2. It is doubtful whether this advice was entirely followed as regards the matter of the dress.]

long streamers pendent from them, after the manner of Hsiâ[1].

23. At the mourning for Dze-kang, Kung-ming made the ornaments of commemoration. There was a tent-like pall, made of plain silk of a carnation colour, with clusters of ants at the four corners, (as if he had been) an officer of Yin[2].

24. Dze-hsiâ asked Confucius, saying, 'How should (a son) conduct himself with reference to the man who has killed his father or mother?' The Master said, 'He should sleep on straw, with his shield for a pillow; he should not take office; he must be determined not to live with the slayer under the same heaven. If he meet with him in the market-place or the court, he should not have to go back for his weapon, but (instantly) fight with him.'

'Allow me to ask,' said (the other), 'how one should do with reference to the man who has slain his brother?' 'He may take office,' was the reply, 'but not in the same state with the slayer; if he be sent on a mission by his ruler's orders, though he may then meet with the man, he should not fight with him.'

'And how should one do,' continued Dze-hsiâ, 'in the case of a man who has slain one of his paternal cousins?' Confucius said, 'He should not take the lead (in the avenging). If he whom it chiefly concerns is able to do that, he should support him from behind, with his weapon in his hand.'

[1. See the full description of a coffin and hearse with all its ornaments in Book XIX.

2. In honour of the Master, though Dze-hang himself could not claim to be descended from the kings of Yin.]

25. At the mourning rites for Confucius, his disciples all wore their head-bands of sackcloth, when they went out. For one of their own number, they wore them in the house (when condoling), but not when they went out.

26. Keeping (the ground about) their graves clear of grass was not a practice of antiquity[1].

27. Dze-lû said, 'I heard the Master say that in the rites of mourning, exceeding grief with deficient rites is better than little demonstration of grief with superabounding rites; and that in those of sacrifice, exceeding reverence with deficient rites is better than an excess of rites with but little reverence.'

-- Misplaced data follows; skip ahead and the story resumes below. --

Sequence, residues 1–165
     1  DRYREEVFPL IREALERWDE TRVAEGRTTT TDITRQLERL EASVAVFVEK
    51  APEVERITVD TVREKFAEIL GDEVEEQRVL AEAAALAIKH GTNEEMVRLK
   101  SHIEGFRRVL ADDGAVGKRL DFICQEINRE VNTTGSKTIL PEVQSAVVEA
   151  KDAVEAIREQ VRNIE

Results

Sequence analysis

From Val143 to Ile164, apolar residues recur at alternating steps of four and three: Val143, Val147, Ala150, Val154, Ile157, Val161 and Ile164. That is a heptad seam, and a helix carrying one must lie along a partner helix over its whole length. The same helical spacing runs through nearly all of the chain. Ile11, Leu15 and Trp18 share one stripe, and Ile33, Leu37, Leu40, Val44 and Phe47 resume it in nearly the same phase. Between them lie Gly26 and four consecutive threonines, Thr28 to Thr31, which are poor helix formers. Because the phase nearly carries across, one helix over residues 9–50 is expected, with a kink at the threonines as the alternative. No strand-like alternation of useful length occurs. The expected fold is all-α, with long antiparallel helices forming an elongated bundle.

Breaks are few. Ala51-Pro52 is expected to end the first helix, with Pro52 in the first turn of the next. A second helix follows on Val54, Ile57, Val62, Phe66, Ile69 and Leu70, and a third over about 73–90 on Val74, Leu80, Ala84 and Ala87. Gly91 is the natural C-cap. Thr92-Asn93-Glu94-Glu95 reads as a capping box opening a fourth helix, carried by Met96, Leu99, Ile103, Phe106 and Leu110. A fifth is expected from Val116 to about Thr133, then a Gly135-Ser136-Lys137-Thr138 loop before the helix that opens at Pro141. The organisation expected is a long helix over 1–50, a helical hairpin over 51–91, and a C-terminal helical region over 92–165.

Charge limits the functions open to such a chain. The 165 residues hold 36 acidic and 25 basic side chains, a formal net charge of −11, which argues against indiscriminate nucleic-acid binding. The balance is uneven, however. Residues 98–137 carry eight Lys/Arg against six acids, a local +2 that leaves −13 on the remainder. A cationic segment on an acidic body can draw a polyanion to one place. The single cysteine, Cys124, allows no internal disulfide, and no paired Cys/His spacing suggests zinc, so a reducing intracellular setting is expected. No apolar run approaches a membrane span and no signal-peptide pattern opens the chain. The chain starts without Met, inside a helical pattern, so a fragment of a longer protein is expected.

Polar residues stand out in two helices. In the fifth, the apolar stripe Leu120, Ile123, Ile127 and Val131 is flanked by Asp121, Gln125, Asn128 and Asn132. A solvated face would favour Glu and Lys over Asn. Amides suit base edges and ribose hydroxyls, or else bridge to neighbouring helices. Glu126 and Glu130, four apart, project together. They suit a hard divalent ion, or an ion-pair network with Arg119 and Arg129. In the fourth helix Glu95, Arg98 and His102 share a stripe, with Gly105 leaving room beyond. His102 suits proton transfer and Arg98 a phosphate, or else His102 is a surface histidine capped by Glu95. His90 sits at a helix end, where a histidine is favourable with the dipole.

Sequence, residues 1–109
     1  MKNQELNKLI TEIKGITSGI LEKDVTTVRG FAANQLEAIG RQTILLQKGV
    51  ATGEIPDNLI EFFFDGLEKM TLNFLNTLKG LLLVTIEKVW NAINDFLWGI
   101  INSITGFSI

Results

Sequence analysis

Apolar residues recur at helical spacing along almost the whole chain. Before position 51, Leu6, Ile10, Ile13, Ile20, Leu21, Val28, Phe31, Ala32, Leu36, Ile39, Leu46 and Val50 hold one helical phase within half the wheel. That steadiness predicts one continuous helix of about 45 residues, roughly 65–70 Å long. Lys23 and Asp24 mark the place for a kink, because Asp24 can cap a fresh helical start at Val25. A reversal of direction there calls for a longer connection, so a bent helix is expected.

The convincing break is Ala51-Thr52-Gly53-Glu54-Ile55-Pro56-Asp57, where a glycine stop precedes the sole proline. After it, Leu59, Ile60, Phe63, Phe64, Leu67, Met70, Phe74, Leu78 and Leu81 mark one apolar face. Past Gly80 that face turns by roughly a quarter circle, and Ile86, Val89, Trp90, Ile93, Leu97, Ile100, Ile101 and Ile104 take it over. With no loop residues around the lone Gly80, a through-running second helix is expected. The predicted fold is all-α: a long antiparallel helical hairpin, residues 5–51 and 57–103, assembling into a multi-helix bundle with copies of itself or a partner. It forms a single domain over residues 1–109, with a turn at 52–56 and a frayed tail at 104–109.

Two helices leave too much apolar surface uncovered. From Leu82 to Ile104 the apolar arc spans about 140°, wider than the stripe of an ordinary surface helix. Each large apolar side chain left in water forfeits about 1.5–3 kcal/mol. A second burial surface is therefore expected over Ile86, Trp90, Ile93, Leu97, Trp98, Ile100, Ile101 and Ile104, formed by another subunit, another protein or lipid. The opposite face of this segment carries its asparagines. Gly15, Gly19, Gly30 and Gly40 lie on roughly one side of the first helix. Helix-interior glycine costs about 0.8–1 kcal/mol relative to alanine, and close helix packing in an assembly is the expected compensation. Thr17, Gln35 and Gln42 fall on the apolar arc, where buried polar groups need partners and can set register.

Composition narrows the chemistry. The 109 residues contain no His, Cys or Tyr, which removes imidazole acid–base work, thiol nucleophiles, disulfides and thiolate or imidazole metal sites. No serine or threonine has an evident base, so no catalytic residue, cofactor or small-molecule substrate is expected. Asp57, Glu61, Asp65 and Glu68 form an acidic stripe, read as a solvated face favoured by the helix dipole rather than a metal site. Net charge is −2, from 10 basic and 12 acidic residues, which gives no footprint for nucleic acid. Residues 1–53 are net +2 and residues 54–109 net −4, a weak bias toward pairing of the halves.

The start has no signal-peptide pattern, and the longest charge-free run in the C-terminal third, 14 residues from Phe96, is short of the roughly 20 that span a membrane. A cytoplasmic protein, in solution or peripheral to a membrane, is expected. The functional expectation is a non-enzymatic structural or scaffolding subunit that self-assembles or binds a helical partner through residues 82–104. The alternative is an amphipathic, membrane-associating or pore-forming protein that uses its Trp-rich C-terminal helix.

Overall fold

28. Zang-dze having gone on a visit of condolence to Fû-hsiâ, the chief mourner had already presented the sacrifice of departure, and removed the offerings. He caused the bier, however, to be pushed back to its former place, and made the women come down (again), after which (the visitor) went through his ceremony. The disciples who accompanied Zang-dze asked him if this proceeding were according to rule, and he said, 'The sacrifice at starting is an unimportant matter, And why might he not bring (the bier) back, and 'let it rest (for a while)?'

The disciples further asked the same question of Dze-yû, who said, 'The rice and precious shell are put into the mouth of the corpse under the window (of the western chamber); the slighter dressing is

[1. Some would interpret this sentence as if it were--'changing the grave' (### and not ###); but the Khien-lung editors say that this practice, originating in geomancy, arose in the time of Sin, and was unknown during the Han dynasty.]

done inside the door, and the more complete one at (the top of) the eastern steps; the coffining takes place at the guests' place; the sacrifice at starting in the courtyard; and the interment at the grave. The proceedings go on in this way to what is more remote, and hence in the details of mourning there is a constant advance and no receding.' When Zang-dze heard of this reply, he said, 'This is a much better account than I gave of the going forth to offer the sacrifice of departure.'

29. Zang-dze went an a visit of condolence, wearing his fur robe over the silk one, while Dze-yû went, wearing the silk one over his fur. Zang-dze, pointing to him, and calling the attention of others, said, 'That man has the reputation of being well versed in ceremonies, how is it that he comes to condole with his silk robe displayed over his fur one?' (By-and-by), when the chief mourner had finished the slighter dressing of the corpse, he bared his breast and tied up his hair with sackcloth, on which Dze-yû hastened out, and (soon) came back, wearing his fur robe over the silk, and with a girdle of sackcloth. Zang-dze on this said, 'I was wrong, I was wrong. That man was right.'

20. When Dze-hsiâ was introduced (to the Master) after he had put off the mourning (for his parents), a lute was given to him. He tried to tune it, but could hardly do so; he touched it, but brought no melody from it. He rose up and said, 'I have not yet forgotten my grief. The ancient kings framed the rules of ceremony, and I dare not go beyond them?' When a lute was given to Dze-kang in the same circumstances, he tried to tune it, and easily did so; he touched it, and brought melody from it. He rose up and said, 'The ancient kings framed the rules of ceremony, and I do not dare not to come up to them.'